Education - Page 2 - Collaboration by design fosters teamwork

Education
- Page 2
Collaboration by design fosters teamwork
New facilities for innovative research and learning encourage working across disciplines

By E. Rose Scarff, Contributing Writer

As the largest building in the University of Maryland system, the new School of Medicine Research Building: Health Sciences Facility III on its Baltimore campus would make news for that fact alone. Being a glass-clad building among so many others of brick is also unique. But it is its design for collaborative medical research that really makes it stand apart.

“The pace of our progress was limited by our space,” says E. Albert Reece, M.D., Ph.D., M.B.A. and dean of medicine, and the driving force behind this new facility. He was able to convince legislators and others that they couldn’t afford not to build. Besides the new research that would be done in the building and the federal research funds that it would bring into the state, it would also create employment opportunities on many levels, from lab technicians to administrative assistants and other support staff.

Until Health Sciences Facility III was built, researchers were spread out in different departments and buildings, and many of them still will be. The new building is intended for new research and new research groups are beginning to fill eight of the 10 floors. “We left two floors unfinished,” says Reece, “so we have room to grow.”

The state-of-the-art laboratories will facilitate work on treatments for three big health problems: heart disease, cancer and diabetes. “There are three main approaches to looking at the mechanism of a disease: diagnostics, therapeutics and cures,” says Reece. The researchers who will be using Health Sciences Facility III will be M.D.s, Ph.D.s and M.D./Ph.D.s who will be taking an inter-disciplinary approach to common goals. “No one person has all the knowledge,” says Reese. “We get better outcomes and new breakthroughs when working collaboratively.”

Reece has been able to recruit talent from across the country because of the high level of attraction of the thriving existing research and the environment of the new space. But opportunities for discovery medicine in this collaborative atmosphere is a big draw. “From the public perspective, we all get certain diseases and we all want cures,” says Reece. “What we do here is discovery medicine. Constant research and enriching and enhancing what we know.”

At the University of Maryland, Baltimore County (UMBC) campus a new Interdisciplinary Life Sciences Building (ILSB) is under construction and set to open in the summer of 2019. It is designed to facilitate interaction among the people who teach and study there. “We wanted to break down the silos,” says William R. LaCourse, Ph.D., dean of natural and mathematical sciences at UMBC, speaking of the way research has traditionally been done: chemists in one lab, biologists in another, etc.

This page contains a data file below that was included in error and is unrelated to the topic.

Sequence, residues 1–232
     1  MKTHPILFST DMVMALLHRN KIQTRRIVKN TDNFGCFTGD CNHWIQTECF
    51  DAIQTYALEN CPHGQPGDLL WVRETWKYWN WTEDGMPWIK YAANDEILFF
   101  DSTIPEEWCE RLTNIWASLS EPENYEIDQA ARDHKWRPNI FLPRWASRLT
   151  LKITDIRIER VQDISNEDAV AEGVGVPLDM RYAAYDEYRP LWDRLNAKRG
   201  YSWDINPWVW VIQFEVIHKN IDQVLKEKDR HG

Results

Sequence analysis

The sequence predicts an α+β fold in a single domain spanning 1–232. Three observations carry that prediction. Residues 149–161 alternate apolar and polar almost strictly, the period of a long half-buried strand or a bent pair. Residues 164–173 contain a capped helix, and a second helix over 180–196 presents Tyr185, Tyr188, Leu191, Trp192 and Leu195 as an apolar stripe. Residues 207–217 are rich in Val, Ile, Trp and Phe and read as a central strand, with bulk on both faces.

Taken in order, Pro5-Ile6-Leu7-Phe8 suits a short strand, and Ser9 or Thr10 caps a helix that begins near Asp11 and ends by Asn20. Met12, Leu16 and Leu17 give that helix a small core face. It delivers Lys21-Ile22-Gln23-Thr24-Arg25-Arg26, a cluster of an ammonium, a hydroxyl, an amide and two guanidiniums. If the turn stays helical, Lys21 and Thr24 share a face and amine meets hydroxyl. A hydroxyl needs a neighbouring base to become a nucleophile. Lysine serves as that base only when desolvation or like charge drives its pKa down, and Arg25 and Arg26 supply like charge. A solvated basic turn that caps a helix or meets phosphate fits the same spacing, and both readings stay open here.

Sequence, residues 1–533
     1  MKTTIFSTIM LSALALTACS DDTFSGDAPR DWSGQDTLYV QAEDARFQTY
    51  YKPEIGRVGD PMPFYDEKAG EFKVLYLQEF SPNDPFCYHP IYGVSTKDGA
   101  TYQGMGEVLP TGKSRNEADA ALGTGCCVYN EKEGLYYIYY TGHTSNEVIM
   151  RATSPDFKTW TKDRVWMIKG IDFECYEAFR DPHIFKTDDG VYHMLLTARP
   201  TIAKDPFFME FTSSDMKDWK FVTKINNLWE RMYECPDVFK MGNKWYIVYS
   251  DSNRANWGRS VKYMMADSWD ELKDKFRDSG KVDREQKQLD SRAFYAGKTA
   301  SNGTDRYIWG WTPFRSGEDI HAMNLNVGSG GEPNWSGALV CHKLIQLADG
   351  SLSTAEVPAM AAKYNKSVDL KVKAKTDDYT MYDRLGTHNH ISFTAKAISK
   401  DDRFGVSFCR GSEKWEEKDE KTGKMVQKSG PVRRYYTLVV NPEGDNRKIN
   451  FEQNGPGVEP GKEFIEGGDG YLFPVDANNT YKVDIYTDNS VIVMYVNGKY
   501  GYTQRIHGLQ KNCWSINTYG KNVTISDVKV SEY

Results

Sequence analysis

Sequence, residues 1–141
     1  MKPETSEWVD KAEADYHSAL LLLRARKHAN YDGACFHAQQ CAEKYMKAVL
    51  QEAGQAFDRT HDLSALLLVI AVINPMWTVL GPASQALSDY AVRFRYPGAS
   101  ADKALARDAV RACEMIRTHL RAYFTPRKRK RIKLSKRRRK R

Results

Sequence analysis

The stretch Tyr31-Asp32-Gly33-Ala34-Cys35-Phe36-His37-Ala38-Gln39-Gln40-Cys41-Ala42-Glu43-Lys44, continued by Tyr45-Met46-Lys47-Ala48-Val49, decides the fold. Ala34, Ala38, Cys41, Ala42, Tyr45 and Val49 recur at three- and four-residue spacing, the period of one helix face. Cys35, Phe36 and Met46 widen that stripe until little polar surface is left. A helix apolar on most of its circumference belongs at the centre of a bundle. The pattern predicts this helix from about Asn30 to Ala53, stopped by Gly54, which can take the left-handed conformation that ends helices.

“For the students, the way the future works when they get into the biotechnology industry, you work in teams,” says LaCourse. “Everywhere you work will be with individuals from different backgrounds.” The ILSB is designed to facilitate teamwork. The open atrium on the ground floor and gathering spaces on each floor are designed for both formal and informal exchanges between faculty and students.

In designing the space, they focused on the needs of the biotechnology industry. Besides classrooms, teaching labs and research labs, there will be a Good Manufacturing Processes lab training facility. There is space for animal researchers to do their work. There will be a project room that students can sign up to use to brainstorm ideas.

The classrooms are furnished with tables rather than tiers and the labs have open workbenches – all to facilitate communication. “As you go through every floor, researchers will be working together across boundaries, even internationally,” says LaCourse. “There will be space for visitors to come and have a place because it’s shared space, not individually owned space.”

The goal is to attract more students to STEM subjects. “We will train our students to be ready to go into the biotechnology work force that’s all over Maryland,” says LaCourse. “We want them to learn how to solve problems, so we will have active learning classrooms. We will give them the responsibility of learning among themselves. We will guide them, but they will learn best by doing it themselves.”